Roots in June

The Dovetail Trio: Bold Champions (GR! Records)

Image result for dovetail trio cdA second album from this Sheffield-based trio, the trick of essentially recording live in one room gives this a raw vibrancy which echoes the past that they evoke so effortlessly. A sympathetic nod to tradition, but there’s also a modernity about this album, with these three talented individuals coming together and crafting a delightful current folk record. Pure vocals, accomplished harmonies, sparse yet detailed instrumentation (accordion & guitar).  Wholesome.


Peter James Millson: Low-Key (Significant Records)

Another second album release, this is warm singer-songwriting, strong on melody, tickling my aural taste buds with touches of Roddy Frame, Big Dish, Lloyd Cole and Paddy MacAloon. It’s an elegant collection of subtly infectious songs, well-crafted and almost under-played, with clever flourishes of accordion, cello or harp over the standard band fare. At home with melancholy, nostalgia or optimism, Millson’s words and themes are apt and importantly are at home in the music. Smooth.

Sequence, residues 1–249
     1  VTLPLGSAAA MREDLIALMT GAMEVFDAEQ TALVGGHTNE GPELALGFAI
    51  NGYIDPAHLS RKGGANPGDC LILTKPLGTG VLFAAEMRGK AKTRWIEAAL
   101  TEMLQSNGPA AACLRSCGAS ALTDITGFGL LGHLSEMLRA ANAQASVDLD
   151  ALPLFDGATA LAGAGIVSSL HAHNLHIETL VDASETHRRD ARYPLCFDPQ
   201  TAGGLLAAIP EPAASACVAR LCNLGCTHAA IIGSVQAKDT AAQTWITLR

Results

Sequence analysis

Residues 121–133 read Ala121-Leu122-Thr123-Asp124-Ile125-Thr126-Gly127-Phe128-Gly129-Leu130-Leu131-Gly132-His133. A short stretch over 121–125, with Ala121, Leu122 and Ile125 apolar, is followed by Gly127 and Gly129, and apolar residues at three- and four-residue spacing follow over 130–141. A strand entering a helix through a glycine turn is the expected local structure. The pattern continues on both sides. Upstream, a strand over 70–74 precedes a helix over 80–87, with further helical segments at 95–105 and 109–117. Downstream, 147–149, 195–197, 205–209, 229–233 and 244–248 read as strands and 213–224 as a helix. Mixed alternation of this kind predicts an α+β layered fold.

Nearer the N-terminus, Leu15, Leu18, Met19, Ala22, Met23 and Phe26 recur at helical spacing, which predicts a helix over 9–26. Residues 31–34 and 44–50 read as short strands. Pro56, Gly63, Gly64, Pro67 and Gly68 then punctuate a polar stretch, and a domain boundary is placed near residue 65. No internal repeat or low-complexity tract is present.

Carrie Tree: The Canoe (Carrie Tree)

Intensely delicate and mesmerising, the fragile yet powerful voice is supplemented by some thoughtful instrumentation from a wide group of supporting musicians spread across the album. Used sparsely, their unhurried accompaniment allows the lyrics and melodies space to glide. This gives the album an impressive breadth which instils in the listener the absolute need to go on the same journeys as Carrie does. The songs are evocative, mysterious, fluid, and deeply personal. Captivating.





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